Nothing Is Ever Destroyed, It Just Changes Form
It was Lizzy's idea to charge people three bucks to scream in Grammy's field. Mom and Dad thought we were out having normal childhood summers. Stomping in creeks, catching tadpoles, playing baseball. The stuff they wished they'd done. But Lizzy wanted to make some money, and it wasn't like anyone was using Grammy's land. She died years ago, but there was some zoning issue so her house is mostly how she left it.
Lizzy and I made a sign and stuck it in the ditch by the road. "Scream Here for $3." I thought if we were going to charge that much we should give them something to drink, so Lizzy made up batches of expired Country Time lemonade and charged two bucks for it so we could roll in five dollar bills at the end of the day.
Our first customer was a fancy woman whose face looked like it was being held together in huge patches by invisible stitches. Once her back was turned, I could hear her sobbing as she stepped. Her scream sounded like porcelain shattering.
But what we noticed, after the first few people, were these white transparent blobs bobbing along the top of the tall grass. Only noticeable when we packed up for dinner. Lizzy said it was a trick of light and tramped in to prove it. The trees encircled the field like the walls of the Colosseum. Here was where people faced their lions. I couldn't let her go in alone.
When the ghost of an event goes through you, you see flashes of it. The first time, I saw a dead man on a metal table. He didn't look made up like Grammy did at her funeral. His skin was bluish white. Like only the blue marshmallows had been kept in the milk too long. His bruised face faded and the field came back. My shorts were damp from sweat and humidity. Lizzy was shuddering in front of me but somewhere else.
"Lizzy!" I yanked her arm. Normally she'd yell and shove me. But it was like she couldn't see me. I hauled her out of there. Big steps through the grass. Lizzy tripping behind me, struggling to get her balance. We never told each other what we saw. Just gulped leftover lemonade like the dusty flavor could cancel out what happened. Later I saw worse things. Men sweating and grunting on top of me. Cars toppled and tangled like toys. Blue bloated bodies. Accidents from before we had a system.
It was my idea to catch the ghosts in jars. I collect the money and then Lizzy takes one of Grammy's old canning jars into the field. When Grammy was alive we helped her can lemon curd, peaches and blackberry jam on weekends in the summer. Food we'd feast on all winter, our puckering mouths fresh full of summer. Now those shelves are covered in the same jars but with white faces and open mouths pressed against the glass begging to be let out. At least, that's what I imagine they're saying. Maybe they're just screaming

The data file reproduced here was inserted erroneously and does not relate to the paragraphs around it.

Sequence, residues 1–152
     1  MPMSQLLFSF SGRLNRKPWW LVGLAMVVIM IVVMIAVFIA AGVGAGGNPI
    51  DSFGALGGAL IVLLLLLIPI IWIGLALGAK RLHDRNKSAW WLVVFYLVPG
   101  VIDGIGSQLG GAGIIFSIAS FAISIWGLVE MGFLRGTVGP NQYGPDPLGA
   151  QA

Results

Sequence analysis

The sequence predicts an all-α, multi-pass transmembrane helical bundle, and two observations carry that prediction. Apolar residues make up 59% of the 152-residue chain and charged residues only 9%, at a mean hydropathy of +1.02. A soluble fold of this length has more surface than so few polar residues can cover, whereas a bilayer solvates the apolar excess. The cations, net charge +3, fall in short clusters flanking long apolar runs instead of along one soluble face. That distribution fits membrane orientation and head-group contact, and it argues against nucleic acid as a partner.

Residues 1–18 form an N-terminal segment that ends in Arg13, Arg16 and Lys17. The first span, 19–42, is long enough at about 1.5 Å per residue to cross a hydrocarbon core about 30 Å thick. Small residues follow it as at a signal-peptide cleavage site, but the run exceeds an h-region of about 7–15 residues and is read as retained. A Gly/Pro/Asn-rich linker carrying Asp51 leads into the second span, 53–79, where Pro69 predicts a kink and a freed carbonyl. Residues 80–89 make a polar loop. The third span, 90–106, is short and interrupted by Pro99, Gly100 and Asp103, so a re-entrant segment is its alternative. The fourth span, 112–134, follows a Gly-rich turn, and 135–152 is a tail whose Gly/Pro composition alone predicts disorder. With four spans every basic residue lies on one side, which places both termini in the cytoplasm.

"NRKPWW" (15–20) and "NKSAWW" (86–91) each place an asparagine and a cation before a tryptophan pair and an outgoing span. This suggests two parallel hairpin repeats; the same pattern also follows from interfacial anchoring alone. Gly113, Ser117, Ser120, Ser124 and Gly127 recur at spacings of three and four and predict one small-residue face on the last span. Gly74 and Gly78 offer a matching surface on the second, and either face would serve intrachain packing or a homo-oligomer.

To Swallow a Ghost
I didn't mean to swallow the ghost. It slipped down my throat and coiled in my stomach like a frozen hose full of water, a blast of winter in the scorching summer. When we touched I saw a dream house on fire, the flames consuming it like a sandwich, ambulances that were too late, a black body bag and two smaller white body bags that could've only been for kids about my size. I didn't know they made more than one size. The images looped in my head as my body shook. The trees listened in like the audience in an amphitheater, their leaves whistling in the wind, the only witnesses. The field was full of ghosts skimming the top of the grass up to my chest. My throat constricted and released, constricted and released like I was trying not to throw up. My belly stretched pregnant from the pooled ghost inside. My balance was slipping, tipping forward when my sister dragged me to the driveway and forced me to drink lemonade. After she went into the bathroom, I rounded the corners of Grammy's house and vomited. Everything inside me came out. The lemonade in a sad puddle. My doubt, my sadness, my fear. The ghost. It floated in front of me faceless. Only visible because it was getting dark now, and the contrast highlighted the white outline. My skin tingled all over. There was an ecstatic fluttering in me, like a kite catching the breeze. I reached for the ghost.
lives in Annapolis, MD with her black rabbit George and an army of houseplants. Her flash fiction appears in Monkeybicycle, The Molotov Cocktail, matchbook, McSweeney's Internet Tendency
and others. She's a reader for Pidgeonholes. Her story "Postcard Town" was selected for Best Microfiction 2021. Breaking Points, her debut chapbook, is forthcoming from Black Lawrence Press (fall 2021). In addition to her website (linked), read more at and find her on Twitter @Chelsea_Stickle